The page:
London Japan Kitchen Bob


The other day I tried making chickpea tofu. Usual tofu is made from soy milk, but to coagulate it it requires a bittern salt (Magnesium Chloride) for the proteins to bind. As the name suggests, it is bitter in flavour (Even in Japanese – Nigari).

Checkpea tofu can harden without this. Supposedly the texture is similar so this can be made anywhere in the world!


  • 1 cup dry checkpea (not canned)
  • 2 cups water (For consistency of a flan)
  • muslin/cheese cloth


  • Soak the checkpeas in plenty of water for atleast 8 hours.
  • Drain the water, then put it in the blender
  • Add 2 cups of water and blend it
  • Separate out the liquid and the solids using a muslin cloth. Line the pot with the cloth, pour the chickpea blend in, and hand squeeze the bundle to extract the liquid. We only use the liquid in this recipe.
  • Heat up the pot on medium heat. It is important to stir it continuously, as the liquid will quickly build up solids at the bottom.
  • Once it starts thickening, put it on low heat. Continue to stir it, as you'll get lumps and uneven texture. Once it is custard thick, it is ready
  • Pour it into a container and cool it for 30mins. Once it solidifies it is ready


Well, the mouth feel is definitely tofu, and if you like tofu, this is a great alternative. Flavour wise? I always thought this with normal tofu as well, but it tastes


. It tastes like pureed checkpea gruel that hospitals will use to give nutrients to old patients. Adding flavour like tsuyu or soy sauce made it better, but I think there should've been some flavour inside the tofu.


When I made this chickpea tofu, I wanted to test several variations of the recipe to see if it works. These were:

  • Softer tofu – mix in 50% more hot water
  • Savoury tofu – Mix some stock flavour and salt
  • Pudding tofu – Mix sugar, a bit of milk, and a dash of lemon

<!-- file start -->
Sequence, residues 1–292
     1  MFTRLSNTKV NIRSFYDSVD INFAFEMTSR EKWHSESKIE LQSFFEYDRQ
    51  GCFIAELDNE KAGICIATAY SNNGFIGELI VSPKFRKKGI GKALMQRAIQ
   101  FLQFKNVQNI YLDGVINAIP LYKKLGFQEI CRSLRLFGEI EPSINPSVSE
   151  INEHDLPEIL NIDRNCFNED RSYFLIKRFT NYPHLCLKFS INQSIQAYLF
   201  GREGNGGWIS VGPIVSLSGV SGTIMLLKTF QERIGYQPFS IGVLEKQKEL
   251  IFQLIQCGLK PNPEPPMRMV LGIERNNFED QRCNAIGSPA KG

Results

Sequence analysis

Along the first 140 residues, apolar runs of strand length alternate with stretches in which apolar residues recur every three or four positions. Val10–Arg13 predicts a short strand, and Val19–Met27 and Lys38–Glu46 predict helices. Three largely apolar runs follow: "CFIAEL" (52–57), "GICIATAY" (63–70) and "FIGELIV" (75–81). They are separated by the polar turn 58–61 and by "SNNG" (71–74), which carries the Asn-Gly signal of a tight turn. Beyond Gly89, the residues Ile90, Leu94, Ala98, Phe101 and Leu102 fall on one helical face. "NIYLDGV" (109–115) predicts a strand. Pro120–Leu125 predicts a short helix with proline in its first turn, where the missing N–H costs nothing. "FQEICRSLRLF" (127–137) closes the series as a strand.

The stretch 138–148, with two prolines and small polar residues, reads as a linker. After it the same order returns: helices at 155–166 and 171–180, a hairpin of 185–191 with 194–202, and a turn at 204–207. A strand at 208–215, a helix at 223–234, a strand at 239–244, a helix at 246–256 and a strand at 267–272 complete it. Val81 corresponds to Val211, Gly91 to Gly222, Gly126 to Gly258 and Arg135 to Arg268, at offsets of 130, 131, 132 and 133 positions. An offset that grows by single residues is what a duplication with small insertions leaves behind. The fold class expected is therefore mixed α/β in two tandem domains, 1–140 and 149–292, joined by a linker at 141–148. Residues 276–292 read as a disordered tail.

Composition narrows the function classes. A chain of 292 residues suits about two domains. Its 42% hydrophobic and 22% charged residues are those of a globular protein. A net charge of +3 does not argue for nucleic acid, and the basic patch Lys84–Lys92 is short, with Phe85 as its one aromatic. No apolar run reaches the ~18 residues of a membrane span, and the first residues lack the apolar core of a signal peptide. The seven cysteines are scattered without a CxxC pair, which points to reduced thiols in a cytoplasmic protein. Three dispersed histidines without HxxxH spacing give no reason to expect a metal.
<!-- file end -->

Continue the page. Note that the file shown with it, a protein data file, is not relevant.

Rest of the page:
So I prepared 3 small containers to try this out. I tasted each one before the shape set so I could adjust anything before it set. Here are the results:

  • Softer tofu – Yes! It actually still kept shape. I quite like this one as it was a lot more delicate in texture. In the above recipe, this will mean adding 3 cups of water instead of 2 wouldn't be a problem. Alternatively, adding extra ingredients afterwards shouldn't prevent the tofu from solidifying.
  • Savoury tofu – I liked this version better than the plain tofu. I wish I had sesami paste in hand to try recreate a popular sesami tofu dish. Other variations like abalone tofu also use the same principle of grinding the ingredient into a paste and mixing it.
  • Pudding tofu – Probably my favourite dish. The lemon didn't interfere with the solidifying, which means there are a lot of possibilities with this one. Chocolate and nut based flavours should go well too.

What to do with the leftover checkpea pulp?

In Japanese these are called okara, used for cheap, low calorie, high fiber creative recipes. It may not be the same with chickpea, but I would believe the milk extraction has increased the fiber content. Anyway, if you want to shine your poverty pantery skills, I suggest you try get creative with it. Keep in mind this leftover pulp's properties mean less binding and any dough you make will be wet, crumbly, and possibly dense without the addition of other ingredients. Here are some ideas:

  • Falafel – Mix some self raising flour (of plain flour + baking powder) to bind the mixture. Add stock, spice or herbs, and lemon for flavour.
  • Okara cookie – Pulp (g): Butter (g): Sugar (g): Egg ratio of 4:2:1:1. Dry the pulp by spreading in out on an oven tray and heating it at 150C for 15 mins, then cool it for another 5 mins. Loosen up any chunks with your hands. Mix the ingredients, cut into 0.5-1cm thick cookies and bake at 180 degrees C for 20 mins.
  • Curry? I really don't know how this would work out

#Recipes #VeganRecipes #JapaneseRecipe